No-one will be surprised by the choice of poem today. The passing of Seamus Heaney is a sad, sad thing and we have lost a poet who wrote works of great depth and beauty.
I have chosen ‘The Baler’ for three reasons; 1. In the countryside the balers are going full tilt after the late harvest, 2. It comes from his latest volume ‘Human Chain’ pub. Faber and Faber in 2010 and 3. Baling is the last thing that is done after the harvest and before the ground is ploughed ready for the new crop – which seemed strangely apposite.
The Baler – by Seamus Heaney (1939-2013)
All day the clunk of a baler
So taken for granted
It was evening before I came to
To what I was hearing
And missing: summer’s richest hours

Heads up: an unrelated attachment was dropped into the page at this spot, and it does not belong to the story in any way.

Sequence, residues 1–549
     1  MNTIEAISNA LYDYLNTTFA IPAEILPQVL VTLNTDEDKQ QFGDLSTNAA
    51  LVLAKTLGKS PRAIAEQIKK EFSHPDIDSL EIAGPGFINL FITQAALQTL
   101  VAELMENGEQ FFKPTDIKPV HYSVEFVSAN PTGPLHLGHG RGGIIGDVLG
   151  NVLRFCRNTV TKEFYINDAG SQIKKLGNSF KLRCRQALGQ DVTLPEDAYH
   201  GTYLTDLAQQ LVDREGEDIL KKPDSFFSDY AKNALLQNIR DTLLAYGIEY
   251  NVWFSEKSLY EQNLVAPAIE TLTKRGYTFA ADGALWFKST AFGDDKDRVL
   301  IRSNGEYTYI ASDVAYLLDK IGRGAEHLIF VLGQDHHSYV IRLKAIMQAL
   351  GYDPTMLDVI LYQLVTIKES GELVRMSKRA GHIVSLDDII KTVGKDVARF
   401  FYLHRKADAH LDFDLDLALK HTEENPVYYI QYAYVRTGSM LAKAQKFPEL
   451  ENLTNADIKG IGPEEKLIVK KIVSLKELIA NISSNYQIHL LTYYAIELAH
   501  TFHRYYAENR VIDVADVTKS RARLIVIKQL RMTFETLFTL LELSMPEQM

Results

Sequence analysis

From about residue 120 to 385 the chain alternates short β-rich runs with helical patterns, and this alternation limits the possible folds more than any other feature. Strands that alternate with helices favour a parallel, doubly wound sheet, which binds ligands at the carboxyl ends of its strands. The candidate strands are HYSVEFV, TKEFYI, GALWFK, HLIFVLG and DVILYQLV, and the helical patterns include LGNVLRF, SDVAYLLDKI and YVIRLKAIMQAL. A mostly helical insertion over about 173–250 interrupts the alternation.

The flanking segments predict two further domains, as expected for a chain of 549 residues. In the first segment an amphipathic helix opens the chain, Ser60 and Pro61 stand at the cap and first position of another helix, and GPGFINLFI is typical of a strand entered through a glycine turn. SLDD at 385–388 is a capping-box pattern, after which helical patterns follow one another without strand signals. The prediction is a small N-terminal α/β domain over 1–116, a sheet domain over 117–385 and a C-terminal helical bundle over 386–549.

As they had been to begin with,
And nearly rewarded enough
By the giddied-up race of a tractor
At the end of the day
Last-lapping a hayfield.
But what I also remembered
As woodpigeons sued at the edge
Of thirty gleaned acres
And I stood inhaling the cool
In the dusk Eldorado
Of mighty cylindrical bales
Was Derek Hill’s saying,
The last time he sat at our table,
He could no longer bear to watch
The sun going down
And asking please to be put
With his back to the window.